Earlier this year, one of the biggest sand mining companies in the state of Wisconsin entered into a debt restructuring agreement with its lenders in a last-ditch effort to stave off bankruptcy. Unfortunately, the move didn’t work, and the company has now declared bankruptcy, but it is an interesting example of what tactics can be tested before a company resorts to bankruptcy.
Sand mining is a thing?
If you were unaware that sand is big business, you may want to check out this story from 99% Invisible that explains why “[s]and is actually the most important solid substance on Earth… It’s the literal foundation of modern civilization.”
And it turns out that the sand found in our state, which is known as “Northern White” to those in the sand industry, is exceptionally good sand — hard and round. So good, in fact, it was being shipped clear to Texas for use in the frac mining industry.
The frac mining boom set off a corresponding sand mining boom in Wisconsin. From 2011 to 2014 they couldn’t dig the stuff out of the ground fast enough. However, shipping sand across the country is expensive. So, frac miners in Texas started looking for sand closer to home. What they found wasn’t as good, but it was good enough that the demand for Wisconsin sand dropped. At around the same time, the price of oil fell and the demand for frac sand dropped overall as oil producers slowed production. And that’s where we are today — Wisconsin still has great sand, but it is not worth what it once was.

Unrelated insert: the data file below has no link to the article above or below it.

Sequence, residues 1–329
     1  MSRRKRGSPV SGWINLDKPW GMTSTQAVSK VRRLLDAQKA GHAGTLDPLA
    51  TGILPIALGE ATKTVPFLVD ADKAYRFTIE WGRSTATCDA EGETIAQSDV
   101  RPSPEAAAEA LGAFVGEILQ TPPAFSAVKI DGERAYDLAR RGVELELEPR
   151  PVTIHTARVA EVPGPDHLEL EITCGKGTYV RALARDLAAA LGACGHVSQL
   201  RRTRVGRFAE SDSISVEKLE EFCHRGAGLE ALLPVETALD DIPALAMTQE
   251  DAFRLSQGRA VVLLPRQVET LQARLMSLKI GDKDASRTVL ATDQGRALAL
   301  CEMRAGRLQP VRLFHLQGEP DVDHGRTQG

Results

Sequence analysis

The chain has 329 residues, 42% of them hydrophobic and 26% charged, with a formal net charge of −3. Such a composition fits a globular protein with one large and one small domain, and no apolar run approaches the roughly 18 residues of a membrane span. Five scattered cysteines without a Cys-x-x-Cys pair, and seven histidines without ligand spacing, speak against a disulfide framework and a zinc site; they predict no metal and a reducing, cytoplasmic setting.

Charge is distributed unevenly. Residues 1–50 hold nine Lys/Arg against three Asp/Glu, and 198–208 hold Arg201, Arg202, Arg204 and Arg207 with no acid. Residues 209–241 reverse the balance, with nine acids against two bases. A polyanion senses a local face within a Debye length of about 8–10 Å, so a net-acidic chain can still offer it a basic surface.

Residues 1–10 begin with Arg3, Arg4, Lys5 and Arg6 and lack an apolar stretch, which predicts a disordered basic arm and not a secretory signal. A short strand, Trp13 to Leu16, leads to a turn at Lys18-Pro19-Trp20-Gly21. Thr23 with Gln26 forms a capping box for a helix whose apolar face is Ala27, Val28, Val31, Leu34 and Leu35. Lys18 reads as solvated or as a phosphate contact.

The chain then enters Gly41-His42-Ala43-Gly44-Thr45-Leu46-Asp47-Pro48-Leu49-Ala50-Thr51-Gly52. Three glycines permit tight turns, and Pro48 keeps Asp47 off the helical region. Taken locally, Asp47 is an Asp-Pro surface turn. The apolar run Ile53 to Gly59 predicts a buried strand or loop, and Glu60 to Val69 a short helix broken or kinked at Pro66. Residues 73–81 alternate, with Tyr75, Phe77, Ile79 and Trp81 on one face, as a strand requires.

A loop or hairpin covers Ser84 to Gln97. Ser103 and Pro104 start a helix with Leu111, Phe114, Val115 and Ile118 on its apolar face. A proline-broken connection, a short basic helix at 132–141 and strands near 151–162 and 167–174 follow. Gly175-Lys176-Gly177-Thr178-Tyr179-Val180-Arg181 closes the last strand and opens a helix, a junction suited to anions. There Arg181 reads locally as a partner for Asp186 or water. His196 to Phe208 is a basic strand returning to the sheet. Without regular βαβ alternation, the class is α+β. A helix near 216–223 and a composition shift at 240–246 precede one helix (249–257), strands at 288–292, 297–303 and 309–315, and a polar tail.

Staving Off Bankruptcy
Earlier this year, Emerge Energy Services LP, which owns Superior Silica Sands, entered into a debt restructuring agreement with its lenders. The deal would clear Emerge Energy’s debt obligations while making its lenders the new majority shareholders of the company.
Debt restructuring is a common tactic in the business world and one we have helped both creditors and debtors navigate. When it is successful, it can keep a company out of bankruptcy while preserving assets and maintaining production. Keeping the company up and running can also prevent one shutdown from turning into a chain reaction that pushes a whole industry or supply chain into bankruptcy.
Unfortunately for Emerge Energy, the debt restructuring negotiations failed and the company filed for Chapter 11 bankruptcy. The Daily Reporter pulled the company’s court filings and found that it “owes creditors across the country some $338 million. A list of the company’s 30 largest creditors in court documents includes seven companies that have their headquarters in Wisconsin. Emerge says it owes these firms more than $13 million in total.”
Hopefully, Emerge Energy’s bankruptcy will not push its creditors into insolvency as well. It may, however, be just the first of many sand companies in our state that files for bankruptcy protection. There are 128 frac sand facilities operating in the state, all producing more sand than the market can bear.